Perseus and Theseus in a Bar
Once, in a certain bar in Greece, Perseus was sitting and drinking. Theseus entered the bar and, when he had caught sight of Perseus, thought that that guy looked like a hero and that they should be friends. Strolling to the bar, Theseus ordered the barman to pour them drinks.
“Truly you are an excellent man!” said Perseus. “I am Perseus, the king of Seriphos and a hero.” Theseus said that he was a prince of Athens and also a hero.
“Let us drink,” Theseus declared, “to heroes!” Thus they drank, and when Perseus noticed that their cups were empty, he ordered the next round.
When they had drunk much of wine, Theseus asked whether Perseus had slayed any monsters. “Of course I have killed,” Perseus answered, “many monsters!” He said the worst of all had been the Medusa, horrible in appearance, who turned men to stone and had snakes for hair, but that he had killed her by means of a mirror. “More horrible,” Theseus replied, “was the Minotaur,” and he explained the Minotaur to be half-bull and to eat children, but that he had killed it by means of string.
“Let us drink,” Perseus declared, “to monsters!” Thus they drank, and when Theseus noticed that their cups were empty, he ordered the next round.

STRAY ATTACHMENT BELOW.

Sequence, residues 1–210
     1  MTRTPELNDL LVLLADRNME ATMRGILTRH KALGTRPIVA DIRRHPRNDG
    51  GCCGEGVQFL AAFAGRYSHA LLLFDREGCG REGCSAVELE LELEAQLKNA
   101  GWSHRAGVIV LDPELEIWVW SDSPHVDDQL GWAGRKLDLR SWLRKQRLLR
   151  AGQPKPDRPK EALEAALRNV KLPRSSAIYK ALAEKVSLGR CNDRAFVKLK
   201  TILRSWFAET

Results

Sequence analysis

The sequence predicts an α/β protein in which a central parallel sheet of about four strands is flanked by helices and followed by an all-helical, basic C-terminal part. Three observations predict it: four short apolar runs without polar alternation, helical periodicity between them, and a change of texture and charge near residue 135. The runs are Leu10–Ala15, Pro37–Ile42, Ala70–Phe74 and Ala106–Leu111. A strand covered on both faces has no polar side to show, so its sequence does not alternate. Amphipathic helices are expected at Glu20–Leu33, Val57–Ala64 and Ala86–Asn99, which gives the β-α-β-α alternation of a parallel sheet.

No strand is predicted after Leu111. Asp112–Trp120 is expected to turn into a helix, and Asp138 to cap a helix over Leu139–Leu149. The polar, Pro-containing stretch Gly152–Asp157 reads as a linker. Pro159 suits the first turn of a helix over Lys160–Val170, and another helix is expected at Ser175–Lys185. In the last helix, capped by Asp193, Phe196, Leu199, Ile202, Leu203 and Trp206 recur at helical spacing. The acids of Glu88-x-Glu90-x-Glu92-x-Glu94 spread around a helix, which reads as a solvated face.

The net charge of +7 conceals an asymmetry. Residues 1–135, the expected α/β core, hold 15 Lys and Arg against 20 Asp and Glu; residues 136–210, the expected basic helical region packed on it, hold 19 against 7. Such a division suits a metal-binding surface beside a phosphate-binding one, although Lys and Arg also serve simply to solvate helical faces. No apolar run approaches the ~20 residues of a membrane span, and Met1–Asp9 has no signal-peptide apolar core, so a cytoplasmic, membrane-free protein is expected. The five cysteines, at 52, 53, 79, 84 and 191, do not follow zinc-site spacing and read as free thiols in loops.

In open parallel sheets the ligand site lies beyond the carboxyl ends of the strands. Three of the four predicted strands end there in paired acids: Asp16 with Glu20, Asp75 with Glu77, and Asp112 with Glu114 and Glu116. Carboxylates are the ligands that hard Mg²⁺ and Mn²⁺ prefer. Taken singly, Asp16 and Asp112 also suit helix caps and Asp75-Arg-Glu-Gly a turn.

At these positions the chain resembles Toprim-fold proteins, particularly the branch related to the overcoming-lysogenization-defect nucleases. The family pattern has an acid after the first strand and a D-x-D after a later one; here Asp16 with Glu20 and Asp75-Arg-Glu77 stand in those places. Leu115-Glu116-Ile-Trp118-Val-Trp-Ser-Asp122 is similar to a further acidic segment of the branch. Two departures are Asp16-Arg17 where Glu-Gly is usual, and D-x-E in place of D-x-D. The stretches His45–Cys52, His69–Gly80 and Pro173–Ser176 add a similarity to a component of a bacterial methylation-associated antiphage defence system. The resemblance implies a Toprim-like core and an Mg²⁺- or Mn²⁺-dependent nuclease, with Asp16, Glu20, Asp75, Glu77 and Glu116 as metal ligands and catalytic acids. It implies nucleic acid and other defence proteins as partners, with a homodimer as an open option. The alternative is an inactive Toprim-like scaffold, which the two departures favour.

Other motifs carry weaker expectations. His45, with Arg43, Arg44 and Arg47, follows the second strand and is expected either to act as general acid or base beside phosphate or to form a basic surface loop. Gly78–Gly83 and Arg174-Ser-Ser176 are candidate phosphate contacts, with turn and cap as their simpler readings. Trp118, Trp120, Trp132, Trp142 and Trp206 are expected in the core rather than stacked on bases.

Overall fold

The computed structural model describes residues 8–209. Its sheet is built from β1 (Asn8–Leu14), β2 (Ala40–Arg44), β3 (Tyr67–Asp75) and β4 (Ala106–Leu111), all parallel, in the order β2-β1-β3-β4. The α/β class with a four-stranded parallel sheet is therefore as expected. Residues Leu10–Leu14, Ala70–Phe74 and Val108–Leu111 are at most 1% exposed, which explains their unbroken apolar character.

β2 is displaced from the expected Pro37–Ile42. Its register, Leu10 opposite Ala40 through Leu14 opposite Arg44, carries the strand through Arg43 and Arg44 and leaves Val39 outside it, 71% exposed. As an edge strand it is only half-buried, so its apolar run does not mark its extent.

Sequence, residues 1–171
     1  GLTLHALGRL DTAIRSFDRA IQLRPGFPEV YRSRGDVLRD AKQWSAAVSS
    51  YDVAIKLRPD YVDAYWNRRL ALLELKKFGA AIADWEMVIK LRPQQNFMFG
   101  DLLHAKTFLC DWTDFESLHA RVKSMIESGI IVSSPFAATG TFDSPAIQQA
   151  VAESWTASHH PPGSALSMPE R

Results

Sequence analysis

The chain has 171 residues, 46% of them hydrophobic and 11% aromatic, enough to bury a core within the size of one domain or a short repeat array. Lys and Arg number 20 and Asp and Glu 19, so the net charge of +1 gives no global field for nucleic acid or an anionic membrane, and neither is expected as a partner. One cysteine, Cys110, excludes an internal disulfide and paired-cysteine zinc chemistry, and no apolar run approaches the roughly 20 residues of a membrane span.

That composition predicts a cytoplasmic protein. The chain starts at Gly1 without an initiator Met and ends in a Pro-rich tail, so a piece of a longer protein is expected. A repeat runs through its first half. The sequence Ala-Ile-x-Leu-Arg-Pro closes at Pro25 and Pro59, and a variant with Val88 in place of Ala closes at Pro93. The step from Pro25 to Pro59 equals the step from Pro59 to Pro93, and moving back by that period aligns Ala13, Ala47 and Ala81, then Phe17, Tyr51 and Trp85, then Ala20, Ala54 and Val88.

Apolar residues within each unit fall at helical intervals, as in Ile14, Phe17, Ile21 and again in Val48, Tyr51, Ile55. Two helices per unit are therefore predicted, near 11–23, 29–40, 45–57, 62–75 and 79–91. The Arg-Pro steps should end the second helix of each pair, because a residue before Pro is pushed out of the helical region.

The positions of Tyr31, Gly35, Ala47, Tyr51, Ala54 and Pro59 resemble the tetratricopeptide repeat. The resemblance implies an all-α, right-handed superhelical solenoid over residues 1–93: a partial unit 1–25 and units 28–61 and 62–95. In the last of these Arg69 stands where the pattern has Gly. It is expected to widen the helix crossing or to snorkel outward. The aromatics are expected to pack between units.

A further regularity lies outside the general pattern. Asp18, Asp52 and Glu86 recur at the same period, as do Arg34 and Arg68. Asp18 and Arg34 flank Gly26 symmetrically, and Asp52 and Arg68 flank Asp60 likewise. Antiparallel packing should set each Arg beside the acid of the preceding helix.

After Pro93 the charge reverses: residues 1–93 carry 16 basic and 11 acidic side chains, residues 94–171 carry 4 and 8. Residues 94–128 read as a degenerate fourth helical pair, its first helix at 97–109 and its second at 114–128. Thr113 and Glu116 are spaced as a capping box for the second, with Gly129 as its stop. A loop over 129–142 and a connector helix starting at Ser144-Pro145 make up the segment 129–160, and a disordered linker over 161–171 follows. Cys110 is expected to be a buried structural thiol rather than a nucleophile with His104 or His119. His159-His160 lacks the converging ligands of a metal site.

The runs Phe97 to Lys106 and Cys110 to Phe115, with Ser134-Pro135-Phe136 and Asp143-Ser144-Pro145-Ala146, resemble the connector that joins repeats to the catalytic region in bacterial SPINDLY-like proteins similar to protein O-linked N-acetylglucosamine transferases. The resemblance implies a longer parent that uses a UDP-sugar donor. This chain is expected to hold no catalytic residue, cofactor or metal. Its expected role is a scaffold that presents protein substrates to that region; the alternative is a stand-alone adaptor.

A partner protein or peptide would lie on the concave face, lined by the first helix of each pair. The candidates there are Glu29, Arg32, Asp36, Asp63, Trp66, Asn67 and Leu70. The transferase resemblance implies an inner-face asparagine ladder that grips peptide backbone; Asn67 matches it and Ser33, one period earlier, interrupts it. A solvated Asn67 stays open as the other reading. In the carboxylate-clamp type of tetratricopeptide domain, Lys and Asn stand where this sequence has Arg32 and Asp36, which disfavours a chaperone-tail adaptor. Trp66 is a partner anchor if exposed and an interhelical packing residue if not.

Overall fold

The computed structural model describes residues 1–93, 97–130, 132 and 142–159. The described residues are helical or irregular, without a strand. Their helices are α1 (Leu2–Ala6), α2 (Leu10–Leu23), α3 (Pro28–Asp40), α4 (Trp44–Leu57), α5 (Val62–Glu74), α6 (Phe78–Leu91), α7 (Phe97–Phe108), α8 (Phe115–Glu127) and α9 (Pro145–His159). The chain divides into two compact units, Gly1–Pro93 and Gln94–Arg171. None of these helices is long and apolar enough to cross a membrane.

When they had drunk more of wine, Perseus asked Theseus if girls pleased him, and if he had a girlfriend. “Indeed I have,” Theseus said, “a most beautiful girlfriend, Ariadne!” He further said that Ariadne was most skillful but too annoying, and that he had left her on an island because she wanted to marry him. “More annoying,” Perseus replied, “is my wife, Andromeda,” and he explained that Andromeda had a most strict mother and that monsters often came to try to eat his wife.
“Let us drink,” Theseus declared, “to girlfriends!” Thus they drank and when Perseus noticed that their cups were empty, he ordered the next round.
When they had drunk very much of wine, Perseus and Theseus were very drunk and began to quarrel. Theseus declared that Perseus was a woman for using a mirror to kill monsters. Perseus back to him replied that a mirror was manlier than some string, and that both Ariadne and her mother were likely uglier than the Medusa. Moved by anger, both Perseus and Theseus shouted and struck each other with fists.
Finally, “Get out, you morons,” the barman exclaimed, “for you are very drunk and therefore too annoying to endure!” The barman ejected both Theseus and Perseus into the road, where they laid on the ground seeing stars. “What happened?” Theseus asked, and Perseus answered that he didn’t know.
At that very moment, Hercules was coming down the road. When he saw Perseus and Theseus, he thought that these two looked like heroes and that they should be friends. “I am Hercules,” he said, and he helped the two men up from the ground. “Let us go into the bar and let us drink!”
“Truly you are an excellent man,” Perseus said, and he did not seem to notice Theseus holding him in a tight embrace lest he again fall down. “But perhaps we should find another bar.”
And in conclusion:
mousapelli: http://www.marvunapp.com/Appendix/argonauts4.jpg this is going on the story
marksykins: that's not at all homoerotic